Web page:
As a Gen-Xer, musician Dave Grohl’s memoir of the hard work and lucky breaks that led to his fame with Nirvana and Foo Fighters, is pop culture candy. The audiobook kept both my husband and I entertained for hundreds of miles in the car, and the audio book narrated by Dave himself really comes to life with his authentically goofy and riotous voice.

Epilogue by Will Boast

Initially, this memoir peaked my interest because of my familiarity with the settings of Boast’s coming of age (small-town Wisconsin and Knox College), but I whole-heartedly recommend it as an undeniably powerful story in its subject and craft.

Cooking the Books — Kitchens of the Great Midwest by J. Ryan Stradal

 Welcome to Cooking the Books, where we try recipes found in, well, books! This month, Technical Services Supervisor Anne tried out a recipe from one of her recent favs: I first read J. Ryan Stradal’s The Lager Queen of Minnesota this spring and I couldn’t put it down. When it was announced that Stradal was stopping by Galesburg’s Wordsmith Bookshoppe literally days after I finished the novel, I hustled on over. Stradal was polite, unassuming and kindly posed for a photo with me. (I’ll not share the photo as my Saturday-doing-chores look was not my best.) Soon after, I found myself purchasing an autographed copy of his 2015 novel Kitchens of the Great Midwest. The storyline follows the coming of age of Eva, a chef with a select palate, who’s life is woven through a cast of characters, all tied together by food. The book begins with memories of lutefisk, meanders Read more »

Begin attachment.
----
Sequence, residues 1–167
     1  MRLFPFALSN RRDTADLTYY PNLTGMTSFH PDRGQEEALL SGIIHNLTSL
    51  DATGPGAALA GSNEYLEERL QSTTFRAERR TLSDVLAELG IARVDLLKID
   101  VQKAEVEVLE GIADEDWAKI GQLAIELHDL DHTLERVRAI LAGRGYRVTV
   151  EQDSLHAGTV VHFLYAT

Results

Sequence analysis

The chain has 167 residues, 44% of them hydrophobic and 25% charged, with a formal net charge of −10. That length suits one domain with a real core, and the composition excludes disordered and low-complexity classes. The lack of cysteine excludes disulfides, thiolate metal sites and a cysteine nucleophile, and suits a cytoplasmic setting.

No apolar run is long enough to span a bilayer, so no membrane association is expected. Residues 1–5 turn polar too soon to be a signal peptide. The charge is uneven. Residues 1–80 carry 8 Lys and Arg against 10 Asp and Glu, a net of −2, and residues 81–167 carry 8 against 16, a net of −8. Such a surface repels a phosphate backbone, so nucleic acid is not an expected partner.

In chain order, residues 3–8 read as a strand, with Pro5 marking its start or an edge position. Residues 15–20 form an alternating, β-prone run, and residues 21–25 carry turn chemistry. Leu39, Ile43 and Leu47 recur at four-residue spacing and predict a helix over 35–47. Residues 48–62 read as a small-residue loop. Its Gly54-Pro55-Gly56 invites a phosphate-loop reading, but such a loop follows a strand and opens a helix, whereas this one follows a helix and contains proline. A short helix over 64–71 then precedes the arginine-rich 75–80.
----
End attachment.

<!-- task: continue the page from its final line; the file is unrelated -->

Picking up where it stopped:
From Technical Services — Book Repair

Hardcover and paperback books don’t last forever, especially when they are well-loved and fall apart – literally – but don’t despair, the library can put the pieces back together again!

The Technical Services staff assess materials needing repair and utilize three main components:  glue, tape, and a helpful machine called Cover One. This machine heats the book glue and helps adhere pages back onto the spine.  The machine can also bind materials in-house, transforming loose-leave pages instantly into a bound volume.

Book repair preserves library treasures, saves resources, and returns your favorites back to the shelves (almost) as good as new!

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From Technical Services — Processing to Protect

Ever wonder what happens behind the scenes to get materials ready for our shelves? Here’s a peek into the life of a book as it’s physically processed in the Technical Services department.

When new materials arrive, Technical Services staff physically process items to protect them and extend their lives on our shelves. Those colorful and informative book jackets on hardcover books are covered with plastic, protecting them from moisture, so you can enjoy the book design AND its contents! Paperbacks are covered in a thicker plastic to prevent bends and rips and to strengthen them for standing straight on the shelves.

After covers are secured, staff construct labels with collection and call number information so materials can be shelved…

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Staff Picks — November 2021: Anne

Curious what the staff of GPL likes to read? Every month we’ll share five titles we’ve read recently. All titles are available for checkout at the library — give us a call or visit the catalog to put one on hold!

A divorced woman returns to her childhood home where she confronts the memory of her parents’ confounding yet deep bond. The accidental near-drowning of a child exposes the fragility of the trust between children and parents. A young man, remembering a terrifying childhood incident, wrestles with the responsibility he has always felt for his younger brother. In these…